Ray Dalio, billionaire and founder of hedge fund behemoth, Bridgewater Associates, has been practising meditation for over 40 years. Meditation, more than any other factor, has been frequently cited as the reason for his success. Inspired by the Beatles learning and practising meditation, Ray got into meditation.
It is well known that Ray incorporate the practice of meditation into his investing practices. Refreshingly, Ray admits he doesn’t always get to meditate every day, twice a day (as recommended for maximum results). He says he meditates probably around two thirds of the days, twice a day, adding that like yoga, the more you practice, the easier it is to get into. If he stresses during market hours, Ray will meditate, describing meditation as “washing the stress off him“. If he senses anxiety rising and can’t get himself out of it, he will use meditation to access calmness which then allows him to deal with it like a “ninja in a fight“.
What Ray says below pretty much echoes what I have said to people who have asked me what it is like to feel the calmness and centredness of meditation (except without the ninja part, though I will be adding that on now because it sounds badass).
“I would say that generally speaking, I feel like a ninja in a fight. In other words, when it comes at you, it seems like slow motion. OK, it is what it is. Because there’s a calmness. So when there’s a calmness, I can deal with it in a better way. Whereas, when there’s that anxiety, it all seems so fast and less I am in control.” (italics my emphasis)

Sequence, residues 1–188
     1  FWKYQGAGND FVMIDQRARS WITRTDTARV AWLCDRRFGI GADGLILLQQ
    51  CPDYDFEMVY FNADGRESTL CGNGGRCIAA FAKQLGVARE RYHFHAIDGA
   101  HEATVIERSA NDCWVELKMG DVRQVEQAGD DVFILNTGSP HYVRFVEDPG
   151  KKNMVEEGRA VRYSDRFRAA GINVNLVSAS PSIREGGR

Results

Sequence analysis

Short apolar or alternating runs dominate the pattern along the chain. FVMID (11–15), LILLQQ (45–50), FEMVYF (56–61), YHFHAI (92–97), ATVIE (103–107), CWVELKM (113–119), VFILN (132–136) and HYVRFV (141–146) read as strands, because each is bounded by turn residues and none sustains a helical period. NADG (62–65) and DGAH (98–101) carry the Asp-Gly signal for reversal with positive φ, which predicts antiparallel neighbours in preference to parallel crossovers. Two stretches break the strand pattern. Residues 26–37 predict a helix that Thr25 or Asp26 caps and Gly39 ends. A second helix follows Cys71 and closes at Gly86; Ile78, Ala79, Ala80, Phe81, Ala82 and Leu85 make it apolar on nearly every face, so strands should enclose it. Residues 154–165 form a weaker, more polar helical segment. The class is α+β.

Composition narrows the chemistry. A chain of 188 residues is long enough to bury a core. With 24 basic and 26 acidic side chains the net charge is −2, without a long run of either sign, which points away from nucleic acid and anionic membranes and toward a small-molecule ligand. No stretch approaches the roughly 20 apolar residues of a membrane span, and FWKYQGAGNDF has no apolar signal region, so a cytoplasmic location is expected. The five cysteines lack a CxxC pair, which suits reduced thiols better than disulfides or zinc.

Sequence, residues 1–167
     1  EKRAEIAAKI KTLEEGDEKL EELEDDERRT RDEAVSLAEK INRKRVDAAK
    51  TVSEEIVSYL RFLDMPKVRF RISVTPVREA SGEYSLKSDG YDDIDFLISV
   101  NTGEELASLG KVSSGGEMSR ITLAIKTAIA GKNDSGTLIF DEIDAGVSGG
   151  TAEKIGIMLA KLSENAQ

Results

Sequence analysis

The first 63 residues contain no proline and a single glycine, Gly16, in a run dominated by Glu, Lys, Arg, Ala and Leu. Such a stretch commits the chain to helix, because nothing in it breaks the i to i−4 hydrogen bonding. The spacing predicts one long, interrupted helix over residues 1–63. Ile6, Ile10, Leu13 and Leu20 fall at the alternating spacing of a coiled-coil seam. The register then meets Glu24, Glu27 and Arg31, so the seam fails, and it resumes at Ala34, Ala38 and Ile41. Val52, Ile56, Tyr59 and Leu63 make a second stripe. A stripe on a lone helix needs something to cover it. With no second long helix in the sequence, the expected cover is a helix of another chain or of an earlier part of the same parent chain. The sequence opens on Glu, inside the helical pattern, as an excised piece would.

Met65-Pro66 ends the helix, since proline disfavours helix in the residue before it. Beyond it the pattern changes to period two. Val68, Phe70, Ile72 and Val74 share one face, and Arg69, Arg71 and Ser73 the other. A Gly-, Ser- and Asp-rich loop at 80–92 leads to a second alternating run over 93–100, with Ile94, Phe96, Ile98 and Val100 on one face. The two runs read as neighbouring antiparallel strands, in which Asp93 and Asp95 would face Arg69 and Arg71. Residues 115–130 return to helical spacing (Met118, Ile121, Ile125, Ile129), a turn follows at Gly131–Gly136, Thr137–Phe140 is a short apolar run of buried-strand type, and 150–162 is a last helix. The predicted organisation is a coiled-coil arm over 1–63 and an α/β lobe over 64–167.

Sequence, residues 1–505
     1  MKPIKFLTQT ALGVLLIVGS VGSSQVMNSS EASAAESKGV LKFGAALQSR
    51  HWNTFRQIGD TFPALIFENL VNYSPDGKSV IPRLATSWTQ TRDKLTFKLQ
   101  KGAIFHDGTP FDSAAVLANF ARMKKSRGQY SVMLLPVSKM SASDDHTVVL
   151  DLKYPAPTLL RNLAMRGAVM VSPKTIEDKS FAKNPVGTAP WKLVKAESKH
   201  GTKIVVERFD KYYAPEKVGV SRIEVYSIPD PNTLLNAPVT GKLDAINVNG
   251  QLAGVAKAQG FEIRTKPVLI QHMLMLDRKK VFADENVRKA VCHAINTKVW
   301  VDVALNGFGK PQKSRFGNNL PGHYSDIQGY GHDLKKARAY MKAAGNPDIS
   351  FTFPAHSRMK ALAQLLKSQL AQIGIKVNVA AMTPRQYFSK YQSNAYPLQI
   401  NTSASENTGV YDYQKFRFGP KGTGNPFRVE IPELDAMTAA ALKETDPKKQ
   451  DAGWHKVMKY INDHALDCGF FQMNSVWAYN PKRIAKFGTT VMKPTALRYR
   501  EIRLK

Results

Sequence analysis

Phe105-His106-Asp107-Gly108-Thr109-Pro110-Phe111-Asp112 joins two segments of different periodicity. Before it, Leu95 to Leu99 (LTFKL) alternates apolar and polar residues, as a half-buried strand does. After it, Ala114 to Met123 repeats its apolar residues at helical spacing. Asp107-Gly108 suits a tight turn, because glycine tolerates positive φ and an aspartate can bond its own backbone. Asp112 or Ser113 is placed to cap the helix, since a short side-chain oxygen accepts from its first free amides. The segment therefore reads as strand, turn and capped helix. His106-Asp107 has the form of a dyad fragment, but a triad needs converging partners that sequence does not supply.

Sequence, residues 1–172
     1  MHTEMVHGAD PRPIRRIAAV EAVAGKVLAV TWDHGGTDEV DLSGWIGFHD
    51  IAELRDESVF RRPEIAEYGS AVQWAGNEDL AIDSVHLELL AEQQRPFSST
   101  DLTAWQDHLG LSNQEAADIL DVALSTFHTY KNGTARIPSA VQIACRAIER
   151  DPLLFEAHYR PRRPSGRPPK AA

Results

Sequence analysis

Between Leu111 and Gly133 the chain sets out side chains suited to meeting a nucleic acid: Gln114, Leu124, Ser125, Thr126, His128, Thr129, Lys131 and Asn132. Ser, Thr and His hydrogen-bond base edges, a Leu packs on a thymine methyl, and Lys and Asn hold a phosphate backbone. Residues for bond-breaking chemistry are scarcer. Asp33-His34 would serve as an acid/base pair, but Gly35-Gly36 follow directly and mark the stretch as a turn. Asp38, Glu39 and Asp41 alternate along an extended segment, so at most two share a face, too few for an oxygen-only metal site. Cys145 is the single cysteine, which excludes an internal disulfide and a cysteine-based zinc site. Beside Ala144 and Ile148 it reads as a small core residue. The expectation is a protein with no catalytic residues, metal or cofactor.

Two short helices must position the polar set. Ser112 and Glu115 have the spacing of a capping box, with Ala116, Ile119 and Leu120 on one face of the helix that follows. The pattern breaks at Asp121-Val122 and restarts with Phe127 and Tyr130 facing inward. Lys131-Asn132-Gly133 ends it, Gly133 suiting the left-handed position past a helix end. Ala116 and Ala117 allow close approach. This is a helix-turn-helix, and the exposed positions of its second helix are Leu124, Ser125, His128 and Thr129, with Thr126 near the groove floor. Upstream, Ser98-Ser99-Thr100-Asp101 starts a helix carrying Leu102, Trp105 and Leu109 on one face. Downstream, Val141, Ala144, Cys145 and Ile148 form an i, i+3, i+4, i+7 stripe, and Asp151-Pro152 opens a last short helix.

In addition to helping him access calmness, Ray says that meditation helps generate new ideas. He says you can’t muscle it or wrestle with it. Rather you have to allow yourself to go “into the void“. The relaxation and calmness that naturally follows then enables access to the ideas.
At his hedge fund firm, Ray pays half of the cost associated with learning meditation and it has become part of the firm’s culture with many employees practising meditation. Ray says meditation has been integral to the success of his fund because staff are able to have thoughtful disagreements without becoming emotional and in his business, in order to beat markets, you can’t be with the consensus, so you need to have independent thinking.
And you have to be a ninja.